By Erick Foadey
1/11/2011, Pretoria - A Seminar jointly hosted by the South African Department of Agriculture, Fisheries and Forestry (DAFF), the NEPAD Planning and Coordinating Agency (NEPAD Agency), and the United Nations Food and Agriculture organization (FAO) on the Comprehensive Africa Agriculture Development Programme (CAADP) took place at the Innovations Hub in Pretoria on 20 October, 2011.
The aim of the Seminar was to pave the way for South Africa’s involvement in the CAADP process and to develop a common and clear understanding of the Agriculture, Forestry and Fisheries sector development strategies so as to facilitate actions geared at supporting and strengthening CAADP implementation in South Africa.
The Seminar was officially opened by the Acting Deputy Director-General of DAFF, Ms. Sue Middleton, followed by a goodwill message from the FAO Representative from Rome, Mr. Weldeghaber Kidane and introductory remarks by Dr. Ibrahim Assane Mayaki, Chief Executive Officer of NEPAD Agency.
In their messages, the speakers emphasised the need to identify a clear set of actions for CAADP value addition to accelerate South Africa’s agriculture development, especially alongside the country food security and poverty alleviation objectives and strategies.
In his keynote address, Mr Sipho Ntombela, the Acting Director-General DAFF recalled South Africa’s leading role in drafting the CAADP document. He explained the Comprehensive Agricultural Support Programme (CASP) and how it fits into CAADP’s objectives and main pillars.
According to Dr Mayaki, the Seminar was “historic and memorable” because it was “a culmination of several engagements with DAFF and DIRCO geared to support the South African government to mainstream CASP in the implementation of CAADP’’. He went on by stating that “CAADP is not parallel to SA agriculture development strategy, CASP, but rather to be mainstreamed in existing strategy’’.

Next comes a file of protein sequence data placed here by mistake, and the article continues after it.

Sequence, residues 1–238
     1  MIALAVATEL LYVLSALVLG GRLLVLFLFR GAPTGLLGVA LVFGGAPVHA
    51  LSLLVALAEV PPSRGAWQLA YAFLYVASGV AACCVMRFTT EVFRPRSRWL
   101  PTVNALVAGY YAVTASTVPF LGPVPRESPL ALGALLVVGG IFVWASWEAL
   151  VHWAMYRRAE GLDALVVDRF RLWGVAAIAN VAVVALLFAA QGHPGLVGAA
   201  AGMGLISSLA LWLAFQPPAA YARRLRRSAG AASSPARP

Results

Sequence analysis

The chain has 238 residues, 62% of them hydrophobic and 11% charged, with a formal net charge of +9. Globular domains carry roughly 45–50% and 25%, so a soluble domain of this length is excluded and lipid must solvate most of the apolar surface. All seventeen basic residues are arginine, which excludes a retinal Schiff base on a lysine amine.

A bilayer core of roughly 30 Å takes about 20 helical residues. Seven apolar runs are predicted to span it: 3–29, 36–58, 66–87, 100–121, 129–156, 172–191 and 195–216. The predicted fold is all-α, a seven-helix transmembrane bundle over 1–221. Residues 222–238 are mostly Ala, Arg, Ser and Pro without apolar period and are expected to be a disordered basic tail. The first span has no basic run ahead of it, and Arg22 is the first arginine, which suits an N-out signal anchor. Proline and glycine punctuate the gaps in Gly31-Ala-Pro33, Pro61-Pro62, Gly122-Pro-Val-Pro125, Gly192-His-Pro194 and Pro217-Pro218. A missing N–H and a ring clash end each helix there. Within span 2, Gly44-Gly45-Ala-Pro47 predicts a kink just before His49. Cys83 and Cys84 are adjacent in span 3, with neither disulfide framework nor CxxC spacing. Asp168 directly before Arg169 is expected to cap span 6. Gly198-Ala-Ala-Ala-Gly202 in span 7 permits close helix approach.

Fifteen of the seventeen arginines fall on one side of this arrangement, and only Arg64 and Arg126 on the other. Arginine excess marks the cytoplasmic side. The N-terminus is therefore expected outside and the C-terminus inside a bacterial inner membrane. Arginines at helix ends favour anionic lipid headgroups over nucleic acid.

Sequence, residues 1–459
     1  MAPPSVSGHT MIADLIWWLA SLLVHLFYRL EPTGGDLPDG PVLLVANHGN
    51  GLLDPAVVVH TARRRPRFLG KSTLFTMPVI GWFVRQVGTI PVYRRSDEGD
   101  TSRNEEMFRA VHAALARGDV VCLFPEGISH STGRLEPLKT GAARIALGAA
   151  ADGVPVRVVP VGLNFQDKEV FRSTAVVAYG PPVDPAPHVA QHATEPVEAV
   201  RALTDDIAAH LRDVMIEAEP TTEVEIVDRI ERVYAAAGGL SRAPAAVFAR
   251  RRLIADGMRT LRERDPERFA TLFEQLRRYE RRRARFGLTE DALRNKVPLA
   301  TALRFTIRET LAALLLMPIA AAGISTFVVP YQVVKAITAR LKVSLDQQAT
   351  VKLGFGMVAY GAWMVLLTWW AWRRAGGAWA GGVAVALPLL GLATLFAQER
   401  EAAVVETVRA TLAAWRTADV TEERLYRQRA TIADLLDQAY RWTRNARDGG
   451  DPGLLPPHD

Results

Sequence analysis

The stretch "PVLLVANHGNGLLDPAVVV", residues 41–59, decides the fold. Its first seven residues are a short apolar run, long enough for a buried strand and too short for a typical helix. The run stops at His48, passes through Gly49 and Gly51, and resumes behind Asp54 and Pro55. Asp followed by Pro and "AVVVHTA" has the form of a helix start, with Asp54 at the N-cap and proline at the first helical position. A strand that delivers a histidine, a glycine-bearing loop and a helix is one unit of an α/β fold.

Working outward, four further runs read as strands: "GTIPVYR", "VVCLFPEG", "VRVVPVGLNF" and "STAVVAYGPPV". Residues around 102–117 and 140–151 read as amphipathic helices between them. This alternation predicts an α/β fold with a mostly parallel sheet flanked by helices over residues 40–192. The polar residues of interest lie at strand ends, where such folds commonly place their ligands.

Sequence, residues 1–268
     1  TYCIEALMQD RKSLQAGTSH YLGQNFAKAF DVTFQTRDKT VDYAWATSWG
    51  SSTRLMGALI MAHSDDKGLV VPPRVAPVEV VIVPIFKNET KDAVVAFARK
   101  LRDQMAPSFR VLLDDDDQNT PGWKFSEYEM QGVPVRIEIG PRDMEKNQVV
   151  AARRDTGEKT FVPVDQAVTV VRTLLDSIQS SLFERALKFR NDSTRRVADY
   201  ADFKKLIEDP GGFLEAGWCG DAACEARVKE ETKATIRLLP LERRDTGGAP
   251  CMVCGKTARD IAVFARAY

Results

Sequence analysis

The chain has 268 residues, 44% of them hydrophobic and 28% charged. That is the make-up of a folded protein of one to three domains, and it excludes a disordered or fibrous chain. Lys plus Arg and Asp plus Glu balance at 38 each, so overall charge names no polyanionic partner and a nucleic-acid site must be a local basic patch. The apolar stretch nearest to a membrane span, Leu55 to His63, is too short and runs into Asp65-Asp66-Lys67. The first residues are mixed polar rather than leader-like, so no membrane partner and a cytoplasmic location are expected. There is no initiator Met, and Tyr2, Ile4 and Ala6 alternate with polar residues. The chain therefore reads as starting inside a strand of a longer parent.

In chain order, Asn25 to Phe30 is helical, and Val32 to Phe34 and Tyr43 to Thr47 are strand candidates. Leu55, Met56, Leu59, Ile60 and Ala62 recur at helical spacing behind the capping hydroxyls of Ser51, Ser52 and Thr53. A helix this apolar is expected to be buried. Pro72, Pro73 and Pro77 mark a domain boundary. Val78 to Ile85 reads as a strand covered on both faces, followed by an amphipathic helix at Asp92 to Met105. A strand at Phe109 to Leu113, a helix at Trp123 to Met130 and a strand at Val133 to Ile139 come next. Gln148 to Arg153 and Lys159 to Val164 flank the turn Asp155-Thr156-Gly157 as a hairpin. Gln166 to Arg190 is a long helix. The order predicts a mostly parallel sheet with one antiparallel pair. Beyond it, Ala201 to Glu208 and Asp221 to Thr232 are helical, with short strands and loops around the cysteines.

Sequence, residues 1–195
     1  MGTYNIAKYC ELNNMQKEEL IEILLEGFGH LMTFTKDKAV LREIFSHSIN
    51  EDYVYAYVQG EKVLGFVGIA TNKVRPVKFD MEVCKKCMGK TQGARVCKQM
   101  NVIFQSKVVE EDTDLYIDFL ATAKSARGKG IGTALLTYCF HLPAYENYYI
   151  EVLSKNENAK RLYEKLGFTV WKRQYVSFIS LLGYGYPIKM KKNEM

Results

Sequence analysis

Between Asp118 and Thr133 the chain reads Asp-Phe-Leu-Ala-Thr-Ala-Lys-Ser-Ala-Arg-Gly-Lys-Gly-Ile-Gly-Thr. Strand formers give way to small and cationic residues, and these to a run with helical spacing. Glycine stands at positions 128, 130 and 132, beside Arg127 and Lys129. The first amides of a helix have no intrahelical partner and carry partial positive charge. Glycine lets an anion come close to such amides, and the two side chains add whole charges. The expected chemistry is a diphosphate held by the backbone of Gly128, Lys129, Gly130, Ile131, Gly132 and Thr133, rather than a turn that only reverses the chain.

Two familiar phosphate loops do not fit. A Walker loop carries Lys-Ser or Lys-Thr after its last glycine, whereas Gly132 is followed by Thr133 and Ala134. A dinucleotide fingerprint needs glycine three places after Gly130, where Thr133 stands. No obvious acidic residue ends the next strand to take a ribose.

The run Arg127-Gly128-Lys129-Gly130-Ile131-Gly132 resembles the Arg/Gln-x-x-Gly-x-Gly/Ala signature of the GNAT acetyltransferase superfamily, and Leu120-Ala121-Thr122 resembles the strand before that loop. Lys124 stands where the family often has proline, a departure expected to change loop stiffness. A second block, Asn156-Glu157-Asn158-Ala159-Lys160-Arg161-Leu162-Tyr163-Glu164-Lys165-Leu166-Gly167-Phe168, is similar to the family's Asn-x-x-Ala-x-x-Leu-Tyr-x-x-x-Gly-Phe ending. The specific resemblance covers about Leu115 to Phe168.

After setting the tone of the conference, it was the task of the participants to identify, among others, the alignment of priorities, to define the SADC role in advocating CAADP, identify growth opportunities, policy and institutional gaps, as well as market access for agriculture products.
In the process prior to the compact signature by South Africa, the participants agreed that the “country ownership, leadership and stakeholder involvement are key in the CAADP process”.
During the Seminar, participants also agreed that “partnerships are extremely important’’ and highlighted the need to open the process to non-state actors: NGO’s, civil society, farmers’ organisations, the private sector and academia.
In her closing remarks, Ms Middleton, acknowledged the need to ‘’set up a national CAADP task team in line with the Integrated Growth Development Programme (IGDP) of South Africa’’. She emphasised that “South Africa has to draw from lessons learnt from other countries that have already implemented CAADP’’. She added that “CAADP is about transformation and not about process-oriented thinking’’ and called on all stakeholders to work together towards South Africa’s CAADP compact signing by mid-2012.